There are many things that you should consider when you’re looking for a new employer. There’s the usual – the job, the pay, perks, culture et al. But one thing that people find increasingly important is a work-life balance, and for good reason. Flexible Working is something that you should look for in a new job, or even ask your current employer about. 

It’s often been said that work-life culture in the UK has changed from “work to live” to “live to work”. With an always-on culture we are rarely disconnected from our jobs.

One way that companies can alleviate that is by offering a flexible work schedule. Allowing flexible working means we can arrange our lives around our jobs, rather than being constrained to set hours. 

Your rights

Under UK law, permanent employees who have worked continuously for 6 months have the right to request flexible working. Employers have to respond within three months and any refusal should be “absolutely justified”. Flexible working can mean things like changes to hours or moving to a different location.

Why it’s good for you

Studies have found that flexible working, if done properly, increases productivity. That’s obviously a boost for the company you’re working for, but it’s a boost for you too. You’ll be able to offer your employer more, excel your career and of course, better productivity means you’re doing a better job, and everyone wants that. 

Business Insider quotes Ron Friedman, social psychologist and author of The Best Place to Work: The Art and Science of Creating an Extraordinary Workplace, as saying:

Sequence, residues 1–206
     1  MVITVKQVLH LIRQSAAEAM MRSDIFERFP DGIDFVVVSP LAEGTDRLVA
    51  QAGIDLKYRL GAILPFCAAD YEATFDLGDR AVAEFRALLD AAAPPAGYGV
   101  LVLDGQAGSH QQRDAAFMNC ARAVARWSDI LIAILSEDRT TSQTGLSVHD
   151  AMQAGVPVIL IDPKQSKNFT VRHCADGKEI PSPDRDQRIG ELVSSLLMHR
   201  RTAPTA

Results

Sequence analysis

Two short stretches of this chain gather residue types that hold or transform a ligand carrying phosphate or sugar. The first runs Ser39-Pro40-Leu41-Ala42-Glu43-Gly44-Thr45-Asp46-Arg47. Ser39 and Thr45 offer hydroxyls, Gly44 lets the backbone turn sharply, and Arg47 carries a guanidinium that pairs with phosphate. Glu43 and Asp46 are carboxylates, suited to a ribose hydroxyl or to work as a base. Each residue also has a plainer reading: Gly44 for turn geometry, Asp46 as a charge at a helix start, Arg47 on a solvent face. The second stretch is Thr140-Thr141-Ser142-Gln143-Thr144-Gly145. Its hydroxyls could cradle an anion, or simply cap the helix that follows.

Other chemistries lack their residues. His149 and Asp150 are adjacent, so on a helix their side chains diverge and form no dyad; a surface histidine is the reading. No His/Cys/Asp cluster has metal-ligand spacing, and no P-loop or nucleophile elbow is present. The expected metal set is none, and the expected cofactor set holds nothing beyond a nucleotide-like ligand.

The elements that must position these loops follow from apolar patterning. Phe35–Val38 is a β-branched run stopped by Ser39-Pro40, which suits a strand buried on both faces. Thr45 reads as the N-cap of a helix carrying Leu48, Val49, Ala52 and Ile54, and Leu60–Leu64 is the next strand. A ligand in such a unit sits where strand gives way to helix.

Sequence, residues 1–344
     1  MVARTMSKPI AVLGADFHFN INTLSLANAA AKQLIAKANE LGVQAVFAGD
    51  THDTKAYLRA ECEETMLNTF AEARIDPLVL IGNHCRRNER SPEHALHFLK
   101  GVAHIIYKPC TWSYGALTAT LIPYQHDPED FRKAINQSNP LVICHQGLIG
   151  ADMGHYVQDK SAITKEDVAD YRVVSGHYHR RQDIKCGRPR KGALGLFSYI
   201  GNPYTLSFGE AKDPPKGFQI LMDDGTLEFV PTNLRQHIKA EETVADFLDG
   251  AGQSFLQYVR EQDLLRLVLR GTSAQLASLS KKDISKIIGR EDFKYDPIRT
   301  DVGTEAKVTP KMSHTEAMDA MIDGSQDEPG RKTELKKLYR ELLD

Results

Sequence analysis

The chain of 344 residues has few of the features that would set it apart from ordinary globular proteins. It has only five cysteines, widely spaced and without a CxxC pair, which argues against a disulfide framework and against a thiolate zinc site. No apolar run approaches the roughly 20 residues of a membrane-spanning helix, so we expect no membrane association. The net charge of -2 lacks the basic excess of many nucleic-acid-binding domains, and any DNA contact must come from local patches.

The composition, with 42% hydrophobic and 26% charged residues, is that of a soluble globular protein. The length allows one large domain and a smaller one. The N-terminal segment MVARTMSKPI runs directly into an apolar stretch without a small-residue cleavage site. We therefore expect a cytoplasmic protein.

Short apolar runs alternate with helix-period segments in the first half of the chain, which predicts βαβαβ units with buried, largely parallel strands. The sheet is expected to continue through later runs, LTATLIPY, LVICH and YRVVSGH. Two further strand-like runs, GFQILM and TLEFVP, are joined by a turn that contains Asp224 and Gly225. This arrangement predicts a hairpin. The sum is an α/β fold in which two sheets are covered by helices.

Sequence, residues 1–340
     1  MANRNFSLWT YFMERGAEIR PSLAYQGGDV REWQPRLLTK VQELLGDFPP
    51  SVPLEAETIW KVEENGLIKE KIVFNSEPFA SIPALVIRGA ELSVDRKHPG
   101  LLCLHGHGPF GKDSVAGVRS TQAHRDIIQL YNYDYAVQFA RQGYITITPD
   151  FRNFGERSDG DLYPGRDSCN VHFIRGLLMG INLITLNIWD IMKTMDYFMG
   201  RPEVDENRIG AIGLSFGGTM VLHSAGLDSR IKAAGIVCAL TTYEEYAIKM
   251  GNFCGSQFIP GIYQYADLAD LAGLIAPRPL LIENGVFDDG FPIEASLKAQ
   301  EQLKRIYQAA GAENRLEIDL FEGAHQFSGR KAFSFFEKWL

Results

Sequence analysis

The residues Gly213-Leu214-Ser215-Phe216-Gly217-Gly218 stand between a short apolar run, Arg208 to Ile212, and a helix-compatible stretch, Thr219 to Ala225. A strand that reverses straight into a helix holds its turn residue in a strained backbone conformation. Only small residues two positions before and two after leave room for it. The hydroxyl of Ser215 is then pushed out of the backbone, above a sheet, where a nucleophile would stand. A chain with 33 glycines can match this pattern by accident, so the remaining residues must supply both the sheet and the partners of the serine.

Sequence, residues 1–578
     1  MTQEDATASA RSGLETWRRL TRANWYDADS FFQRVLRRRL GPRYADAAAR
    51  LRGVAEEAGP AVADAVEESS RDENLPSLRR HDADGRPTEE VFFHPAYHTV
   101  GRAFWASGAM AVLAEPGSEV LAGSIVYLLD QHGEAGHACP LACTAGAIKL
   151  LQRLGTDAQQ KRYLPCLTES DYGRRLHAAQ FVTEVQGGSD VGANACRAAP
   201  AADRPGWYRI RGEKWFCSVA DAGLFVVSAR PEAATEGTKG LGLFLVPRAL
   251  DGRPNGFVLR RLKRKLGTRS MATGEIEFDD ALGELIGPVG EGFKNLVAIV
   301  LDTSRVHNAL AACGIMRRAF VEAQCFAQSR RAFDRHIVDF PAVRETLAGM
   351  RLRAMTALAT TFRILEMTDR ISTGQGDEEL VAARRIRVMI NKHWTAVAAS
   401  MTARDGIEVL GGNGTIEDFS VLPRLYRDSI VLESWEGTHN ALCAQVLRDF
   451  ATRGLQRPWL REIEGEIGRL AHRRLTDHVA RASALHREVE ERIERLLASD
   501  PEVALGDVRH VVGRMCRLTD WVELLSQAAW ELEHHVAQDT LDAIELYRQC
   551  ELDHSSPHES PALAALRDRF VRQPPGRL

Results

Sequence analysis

“We have decades of studies showing that people are happier, healthier, and more productive when they feel autonomous. The more autonomous we feel, the more likely we are to be engaged.”

As well as improving productivity, flexible working improves employee morale and job satisfaction. It goes without saying that having higher morale and job satisfaction is something we all want. From a career development perspective, job satisfaction means you’re likely to stay in a job longer, giving you the opportunity to climb the ladder and improve your CV.

The status quo

However, the situation right now is that most businesses don’t recognise the benefits that flexible working offers. Or at least don’t feel able to offer the required flexibility. 

HR News says that currently, two-thirds of UK employees want to work more flexibly than their employee currently offers. And according to Business Insider, more than three quarters of millennial employees would take pay cuts to work for a company with flexible office hours. This suggests that there is high demand but low supply for companies offering the desired flexibility.

The changing landscape

But the status quo is changing. More companies are changing to flexible working schedule. Compared with five years ago, Business Insider says, 40% more companies are now offering flexible work arrangements, letting staff work from home or changing their schedules. 

More companies are recognising that this is an increasing priority for the workforce. As well as more companies offering it, it also means that when you go into negotiations with a new or existing employer – perhaps alongside salary talks – you have another bargaining chip.

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